This guest piece by Dr. Denis Kibira, Chief Executive Officer of DUMAIC Global Health and Coordinator of the Medicines Transparency Alliance (MeTA)-Uganda, is part of an informative series developed by members of the Snakebite Community Engagement Network (SCEN) Steering Committee. SCEN is a network of snakebite experts from low- and middle-income countries (LMIC’s) involved directly or indirectly in community-based work aimed at improving snakebite prevention, first-aid, treatment, research and policy advocacy. 

Here, Denis provides an overview of the Snakebite Management Strategy he has been actively contributing for years now, which once approved by the Ugandan government can have a positive impact on snakebite affected communities.

The medical importance of snakes

There are more than 3,000 species of snakes in the world, 600 of which are venomous and 200 are considered by the World Health Organization (WHO) to be ‘medically important’.[1] WHO has classified the medical importance of snakes into two main categories: Category 1 consists of snakes that they are highly venomous, common or widespread and cause numerous snakebites, resulting in high levels of morbidity, disability or mortality; while Category 2 consists of snakes that are highly venomous and are capable of causing morbidity, disability or death, but which bite less frequently or for which epidemiological or clinical data is lacking.[2]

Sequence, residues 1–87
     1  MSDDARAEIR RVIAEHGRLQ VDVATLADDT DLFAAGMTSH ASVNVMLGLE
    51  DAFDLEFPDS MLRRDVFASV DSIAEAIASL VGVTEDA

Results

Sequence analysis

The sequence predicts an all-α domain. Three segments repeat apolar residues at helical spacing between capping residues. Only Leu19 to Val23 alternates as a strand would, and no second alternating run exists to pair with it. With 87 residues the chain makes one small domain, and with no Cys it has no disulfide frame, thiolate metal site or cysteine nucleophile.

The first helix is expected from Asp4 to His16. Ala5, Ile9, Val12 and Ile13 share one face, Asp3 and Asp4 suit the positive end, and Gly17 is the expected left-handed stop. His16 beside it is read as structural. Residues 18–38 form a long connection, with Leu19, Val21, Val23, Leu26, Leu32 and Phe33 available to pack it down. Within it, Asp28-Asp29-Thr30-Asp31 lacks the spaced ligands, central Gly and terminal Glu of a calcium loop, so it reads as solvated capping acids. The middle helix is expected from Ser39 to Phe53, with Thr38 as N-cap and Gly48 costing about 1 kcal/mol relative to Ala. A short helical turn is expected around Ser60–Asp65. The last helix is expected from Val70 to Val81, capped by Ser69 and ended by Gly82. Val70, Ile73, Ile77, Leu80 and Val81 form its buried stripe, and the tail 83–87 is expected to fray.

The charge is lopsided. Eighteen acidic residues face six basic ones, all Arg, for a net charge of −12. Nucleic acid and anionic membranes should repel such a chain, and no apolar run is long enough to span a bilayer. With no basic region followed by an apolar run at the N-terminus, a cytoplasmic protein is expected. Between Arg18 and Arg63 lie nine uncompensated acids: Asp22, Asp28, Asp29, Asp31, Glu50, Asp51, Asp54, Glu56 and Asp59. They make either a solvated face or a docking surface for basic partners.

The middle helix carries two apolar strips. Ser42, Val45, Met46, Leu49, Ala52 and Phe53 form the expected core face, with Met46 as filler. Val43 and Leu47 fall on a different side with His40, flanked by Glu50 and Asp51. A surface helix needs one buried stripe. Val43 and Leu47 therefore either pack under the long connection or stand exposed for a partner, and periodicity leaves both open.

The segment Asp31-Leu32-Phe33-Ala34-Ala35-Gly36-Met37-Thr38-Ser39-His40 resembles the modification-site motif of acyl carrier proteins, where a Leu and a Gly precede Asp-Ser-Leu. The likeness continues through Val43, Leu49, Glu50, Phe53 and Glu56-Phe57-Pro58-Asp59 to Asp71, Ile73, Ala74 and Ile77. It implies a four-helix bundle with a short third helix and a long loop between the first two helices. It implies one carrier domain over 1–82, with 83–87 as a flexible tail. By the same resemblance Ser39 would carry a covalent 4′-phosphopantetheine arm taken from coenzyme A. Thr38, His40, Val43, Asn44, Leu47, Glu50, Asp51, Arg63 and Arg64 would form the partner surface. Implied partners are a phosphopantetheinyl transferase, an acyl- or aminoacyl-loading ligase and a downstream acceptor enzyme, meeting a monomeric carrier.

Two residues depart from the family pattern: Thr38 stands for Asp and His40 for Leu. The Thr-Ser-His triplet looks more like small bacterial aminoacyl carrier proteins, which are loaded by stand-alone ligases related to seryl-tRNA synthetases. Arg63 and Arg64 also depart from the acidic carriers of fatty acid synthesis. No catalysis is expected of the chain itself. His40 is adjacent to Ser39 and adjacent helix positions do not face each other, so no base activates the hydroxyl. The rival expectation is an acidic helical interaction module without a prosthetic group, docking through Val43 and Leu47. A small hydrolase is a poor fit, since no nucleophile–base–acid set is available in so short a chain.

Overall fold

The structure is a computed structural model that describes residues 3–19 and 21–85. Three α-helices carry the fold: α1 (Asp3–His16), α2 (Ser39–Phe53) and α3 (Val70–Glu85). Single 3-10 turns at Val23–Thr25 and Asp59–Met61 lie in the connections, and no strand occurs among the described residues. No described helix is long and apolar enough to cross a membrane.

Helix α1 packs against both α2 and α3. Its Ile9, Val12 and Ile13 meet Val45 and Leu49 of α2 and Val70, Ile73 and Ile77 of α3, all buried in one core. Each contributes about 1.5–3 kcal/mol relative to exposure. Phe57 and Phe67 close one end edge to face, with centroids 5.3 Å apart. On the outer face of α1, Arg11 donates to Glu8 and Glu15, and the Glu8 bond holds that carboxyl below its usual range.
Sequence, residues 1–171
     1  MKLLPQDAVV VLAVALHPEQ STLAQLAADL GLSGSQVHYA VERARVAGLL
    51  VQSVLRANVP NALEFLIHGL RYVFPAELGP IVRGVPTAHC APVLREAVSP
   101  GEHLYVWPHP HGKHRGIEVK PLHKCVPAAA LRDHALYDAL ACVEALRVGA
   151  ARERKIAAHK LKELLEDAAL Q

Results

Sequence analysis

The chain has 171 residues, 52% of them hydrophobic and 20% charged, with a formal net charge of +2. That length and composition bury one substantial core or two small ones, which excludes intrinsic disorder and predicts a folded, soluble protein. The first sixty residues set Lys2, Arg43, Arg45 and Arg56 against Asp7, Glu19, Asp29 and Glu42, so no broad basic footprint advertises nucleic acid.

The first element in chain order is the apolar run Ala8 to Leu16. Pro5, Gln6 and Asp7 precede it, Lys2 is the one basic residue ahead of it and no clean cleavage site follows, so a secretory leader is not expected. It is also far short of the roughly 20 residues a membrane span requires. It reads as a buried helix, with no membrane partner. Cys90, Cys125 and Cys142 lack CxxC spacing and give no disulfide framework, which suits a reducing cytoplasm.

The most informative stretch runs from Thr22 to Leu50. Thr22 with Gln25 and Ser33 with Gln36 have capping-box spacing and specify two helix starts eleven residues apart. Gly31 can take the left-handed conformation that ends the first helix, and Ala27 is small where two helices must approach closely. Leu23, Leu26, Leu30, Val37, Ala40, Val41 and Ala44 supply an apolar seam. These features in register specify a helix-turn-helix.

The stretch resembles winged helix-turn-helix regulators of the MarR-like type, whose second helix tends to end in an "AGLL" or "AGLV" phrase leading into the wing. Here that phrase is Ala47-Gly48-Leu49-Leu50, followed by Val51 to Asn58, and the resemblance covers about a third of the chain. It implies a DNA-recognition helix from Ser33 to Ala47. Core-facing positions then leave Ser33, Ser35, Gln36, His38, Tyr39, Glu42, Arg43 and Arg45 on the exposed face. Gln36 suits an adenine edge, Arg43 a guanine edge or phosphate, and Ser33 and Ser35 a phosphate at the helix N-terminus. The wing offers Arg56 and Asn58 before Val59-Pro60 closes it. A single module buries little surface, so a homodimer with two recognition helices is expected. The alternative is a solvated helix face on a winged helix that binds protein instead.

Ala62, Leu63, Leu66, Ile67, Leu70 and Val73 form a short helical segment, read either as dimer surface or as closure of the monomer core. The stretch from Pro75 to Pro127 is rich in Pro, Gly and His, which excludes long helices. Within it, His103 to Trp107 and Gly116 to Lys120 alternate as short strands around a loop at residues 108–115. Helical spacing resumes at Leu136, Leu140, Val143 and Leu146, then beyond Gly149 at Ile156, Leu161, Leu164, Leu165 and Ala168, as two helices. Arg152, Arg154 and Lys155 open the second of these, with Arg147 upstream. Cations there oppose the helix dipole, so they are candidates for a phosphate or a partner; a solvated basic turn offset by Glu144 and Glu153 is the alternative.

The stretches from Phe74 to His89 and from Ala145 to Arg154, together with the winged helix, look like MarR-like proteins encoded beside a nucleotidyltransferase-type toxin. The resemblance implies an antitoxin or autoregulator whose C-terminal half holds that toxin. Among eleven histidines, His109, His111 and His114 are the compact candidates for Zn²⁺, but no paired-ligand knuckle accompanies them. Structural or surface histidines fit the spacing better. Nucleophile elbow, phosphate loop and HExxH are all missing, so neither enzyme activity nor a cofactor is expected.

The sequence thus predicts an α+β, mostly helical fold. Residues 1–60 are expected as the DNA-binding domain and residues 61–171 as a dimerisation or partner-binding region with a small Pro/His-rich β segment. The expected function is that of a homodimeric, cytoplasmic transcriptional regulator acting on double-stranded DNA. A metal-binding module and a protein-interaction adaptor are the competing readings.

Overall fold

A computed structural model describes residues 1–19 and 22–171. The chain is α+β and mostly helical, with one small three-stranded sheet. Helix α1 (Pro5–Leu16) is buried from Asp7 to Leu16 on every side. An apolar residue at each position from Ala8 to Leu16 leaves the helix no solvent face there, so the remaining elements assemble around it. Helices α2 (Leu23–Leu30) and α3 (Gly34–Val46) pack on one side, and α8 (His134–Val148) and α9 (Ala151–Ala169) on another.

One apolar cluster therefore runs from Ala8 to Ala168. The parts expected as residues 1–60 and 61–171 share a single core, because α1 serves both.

In Africa, there are almost 400 snake species across the continent, approximately 100 of which are medically important, and about 30 tend to cause human deaths.[3] The venomous species of medical importance on the continent are members of the following four families: Mole vipers or burrowing asps (atractaspididae), cobras (colubridae), elapids (elapidae) and vipers (viperidae).